There is a new lab test that can predict if children with cancer are more likely to get side effects from chemotherapy treatment. Some side effects of the medications could threaten their lives. But doctors can now personalize the treatments according to the test results. At the moment, the scientists have released a test for three drugs. Now they’re working on developing a test on five other drugs.
Some People Are Genetically Susceptible to Side Effects
Bruce Carleton and Colin Ross are behind the lab test. They’ve just identified that three commonly prescribed drugs could cause children that are genetically susceptible to experience life-threatening side-effects.
Bruce Carleton is the director of the Pharmaceutical Outcomes Programme at B.C. Children’s Hospital, and together with his colleague Colin Ross has discovered side effects from three drugs used for treating cancer. The side effects can lead to heart failure, hearing loss or suppression of bone marrow. The last side effect makes the body less resistant in its fight against infections.
Carleton said that their four-year project is part of the study Genome Canada, and they will create a genetic database available to the public. This way, worldwide researchers can access it.
The project started two years ago, and Carleton has visited the B.C. Children’s Hospital clinic to give the cancer patients a genetic test. He wanted to determine if children had a risk for reaction to the treatment.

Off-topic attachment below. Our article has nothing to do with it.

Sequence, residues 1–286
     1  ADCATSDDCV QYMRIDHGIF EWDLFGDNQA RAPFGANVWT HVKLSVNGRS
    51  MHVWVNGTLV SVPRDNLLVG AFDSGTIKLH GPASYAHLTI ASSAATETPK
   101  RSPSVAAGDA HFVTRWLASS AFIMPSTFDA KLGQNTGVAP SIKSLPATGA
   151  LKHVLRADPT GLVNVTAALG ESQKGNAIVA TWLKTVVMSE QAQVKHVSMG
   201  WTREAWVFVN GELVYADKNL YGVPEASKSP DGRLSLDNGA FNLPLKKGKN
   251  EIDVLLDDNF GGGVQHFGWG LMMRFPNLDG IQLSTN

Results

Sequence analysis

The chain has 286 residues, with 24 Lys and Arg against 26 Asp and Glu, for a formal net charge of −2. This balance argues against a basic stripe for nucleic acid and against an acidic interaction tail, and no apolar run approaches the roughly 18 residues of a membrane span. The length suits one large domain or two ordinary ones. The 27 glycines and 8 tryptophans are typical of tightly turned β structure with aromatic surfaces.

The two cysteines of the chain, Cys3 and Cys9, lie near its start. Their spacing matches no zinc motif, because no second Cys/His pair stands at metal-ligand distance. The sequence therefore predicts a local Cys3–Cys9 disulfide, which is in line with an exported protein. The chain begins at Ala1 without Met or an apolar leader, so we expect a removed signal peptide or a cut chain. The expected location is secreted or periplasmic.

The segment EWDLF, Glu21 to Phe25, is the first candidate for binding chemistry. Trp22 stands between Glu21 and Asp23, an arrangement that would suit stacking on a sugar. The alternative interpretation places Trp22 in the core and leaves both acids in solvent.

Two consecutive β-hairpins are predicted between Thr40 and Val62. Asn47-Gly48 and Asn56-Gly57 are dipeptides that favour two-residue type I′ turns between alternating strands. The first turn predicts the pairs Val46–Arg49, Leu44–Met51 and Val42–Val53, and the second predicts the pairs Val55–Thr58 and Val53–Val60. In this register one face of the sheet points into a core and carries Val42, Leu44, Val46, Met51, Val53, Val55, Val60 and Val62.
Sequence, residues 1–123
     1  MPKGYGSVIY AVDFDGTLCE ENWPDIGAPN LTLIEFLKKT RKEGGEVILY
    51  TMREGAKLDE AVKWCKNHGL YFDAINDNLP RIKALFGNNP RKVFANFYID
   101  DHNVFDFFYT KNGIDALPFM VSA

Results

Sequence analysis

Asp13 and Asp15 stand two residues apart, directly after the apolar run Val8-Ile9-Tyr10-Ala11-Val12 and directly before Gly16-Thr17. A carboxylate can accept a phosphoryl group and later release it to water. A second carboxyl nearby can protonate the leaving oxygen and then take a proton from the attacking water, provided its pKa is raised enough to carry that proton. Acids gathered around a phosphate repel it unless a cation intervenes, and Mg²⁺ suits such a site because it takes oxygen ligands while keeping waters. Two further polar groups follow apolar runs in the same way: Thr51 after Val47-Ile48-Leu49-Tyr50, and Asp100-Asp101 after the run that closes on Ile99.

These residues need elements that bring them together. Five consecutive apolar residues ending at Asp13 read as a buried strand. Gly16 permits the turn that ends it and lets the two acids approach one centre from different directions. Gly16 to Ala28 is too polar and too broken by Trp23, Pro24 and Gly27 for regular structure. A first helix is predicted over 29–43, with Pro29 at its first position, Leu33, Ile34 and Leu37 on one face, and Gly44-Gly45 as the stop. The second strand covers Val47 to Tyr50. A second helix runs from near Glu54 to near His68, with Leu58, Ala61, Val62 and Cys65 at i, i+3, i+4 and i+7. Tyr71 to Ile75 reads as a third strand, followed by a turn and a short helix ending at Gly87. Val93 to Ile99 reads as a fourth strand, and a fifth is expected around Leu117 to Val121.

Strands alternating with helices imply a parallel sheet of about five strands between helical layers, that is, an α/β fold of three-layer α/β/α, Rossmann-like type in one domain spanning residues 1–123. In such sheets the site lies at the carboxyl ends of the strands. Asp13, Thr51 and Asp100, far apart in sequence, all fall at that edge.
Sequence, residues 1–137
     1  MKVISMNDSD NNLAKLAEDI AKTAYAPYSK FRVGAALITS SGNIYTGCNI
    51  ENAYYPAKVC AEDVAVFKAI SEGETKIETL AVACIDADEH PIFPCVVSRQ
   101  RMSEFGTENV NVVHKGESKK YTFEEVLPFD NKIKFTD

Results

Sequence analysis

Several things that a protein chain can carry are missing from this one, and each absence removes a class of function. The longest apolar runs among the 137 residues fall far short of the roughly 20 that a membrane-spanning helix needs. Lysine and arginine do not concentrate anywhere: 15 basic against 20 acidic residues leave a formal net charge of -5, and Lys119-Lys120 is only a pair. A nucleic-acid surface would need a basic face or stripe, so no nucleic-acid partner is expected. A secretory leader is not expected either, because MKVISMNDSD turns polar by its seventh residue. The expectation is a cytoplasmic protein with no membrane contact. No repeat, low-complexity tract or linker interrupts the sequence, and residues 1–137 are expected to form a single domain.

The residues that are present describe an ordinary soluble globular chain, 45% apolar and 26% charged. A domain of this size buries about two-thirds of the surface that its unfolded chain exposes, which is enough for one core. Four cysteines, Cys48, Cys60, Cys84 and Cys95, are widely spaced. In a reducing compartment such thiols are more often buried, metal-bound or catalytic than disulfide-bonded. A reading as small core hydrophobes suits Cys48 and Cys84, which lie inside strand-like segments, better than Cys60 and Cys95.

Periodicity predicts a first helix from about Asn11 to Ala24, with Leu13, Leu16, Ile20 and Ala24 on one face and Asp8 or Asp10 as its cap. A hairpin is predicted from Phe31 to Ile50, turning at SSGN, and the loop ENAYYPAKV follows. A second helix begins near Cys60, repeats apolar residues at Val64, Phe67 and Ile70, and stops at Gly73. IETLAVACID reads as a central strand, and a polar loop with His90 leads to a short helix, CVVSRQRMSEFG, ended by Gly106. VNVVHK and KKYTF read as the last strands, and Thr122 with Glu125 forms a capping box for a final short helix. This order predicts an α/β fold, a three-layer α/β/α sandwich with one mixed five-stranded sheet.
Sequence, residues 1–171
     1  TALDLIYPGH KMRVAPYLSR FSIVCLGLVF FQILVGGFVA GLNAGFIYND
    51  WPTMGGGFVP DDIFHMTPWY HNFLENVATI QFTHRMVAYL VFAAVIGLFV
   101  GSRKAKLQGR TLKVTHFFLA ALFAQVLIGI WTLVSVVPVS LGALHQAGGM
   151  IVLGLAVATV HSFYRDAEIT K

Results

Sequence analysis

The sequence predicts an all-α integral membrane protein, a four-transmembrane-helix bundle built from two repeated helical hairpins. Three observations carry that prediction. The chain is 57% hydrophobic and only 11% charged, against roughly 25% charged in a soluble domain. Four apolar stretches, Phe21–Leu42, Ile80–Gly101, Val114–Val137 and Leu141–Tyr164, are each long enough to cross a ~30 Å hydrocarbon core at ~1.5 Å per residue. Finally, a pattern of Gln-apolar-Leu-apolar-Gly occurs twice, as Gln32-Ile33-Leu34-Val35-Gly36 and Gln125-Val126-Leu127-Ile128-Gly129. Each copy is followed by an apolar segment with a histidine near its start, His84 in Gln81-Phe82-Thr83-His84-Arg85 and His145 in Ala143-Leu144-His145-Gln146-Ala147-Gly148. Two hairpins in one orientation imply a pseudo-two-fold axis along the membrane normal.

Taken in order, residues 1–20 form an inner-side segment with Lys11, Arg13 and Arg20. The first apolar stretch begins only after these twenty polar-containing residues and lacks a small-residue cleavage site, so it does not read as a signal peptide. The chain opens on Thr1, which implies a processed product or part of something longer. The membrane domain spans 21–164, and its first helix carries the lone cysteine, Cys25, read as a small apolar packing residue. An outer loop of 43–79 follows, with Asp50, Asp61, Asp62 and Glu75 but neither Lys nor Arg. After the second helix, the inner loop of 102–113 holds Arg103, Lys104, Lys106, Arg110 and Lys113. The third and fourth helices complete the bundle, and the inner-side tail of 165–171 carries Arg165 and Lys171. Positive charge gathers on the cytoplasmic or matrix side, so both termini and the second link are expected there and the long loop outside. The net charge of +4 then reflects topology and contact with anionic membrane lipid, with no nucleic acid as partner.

The Discussion Before Treatments – Talking About Side Effects
“I think that we can begin the conversations before treatment begins about what the adverse effect means, instead of waiting for it to occur and saying, ‘Well, this happens sometimes,.’ Often, parents say to me that the adverse effects of cancer chemotherapy were harder for them to manage and deal with than the survival questions because they’re not prepared for it,” said Carleton.
Currently, the researchers are now analyzing more than 6,100 DNA samples to discover if there is a genetic susceptibility to the side effects of other five drugs.
Rory Nichols, a four-year-old girl, had a tumor at the end of her tailbone at only three weeks after being born. With the genetic testing, the doctors realized that the chemotherapy drug they used could pose an 80% risk to her hearing. The young girl had already problems hearing some sounds. Bethany Prokuda, the mother, said about the test:
“If they can give them an answer and maybe be able to tailor the therapies so that these kids do have good outcomes, it’s absolutely essential. She’s definitely progressed better from where it was. From age two to age four she’s caught up on a lot of those sounds,” she said.
In addition, Dr. Rod Rassekh, together with Rory’s primary oncologist, stated that the genetic test “really helped spare a lot of her hearing.”
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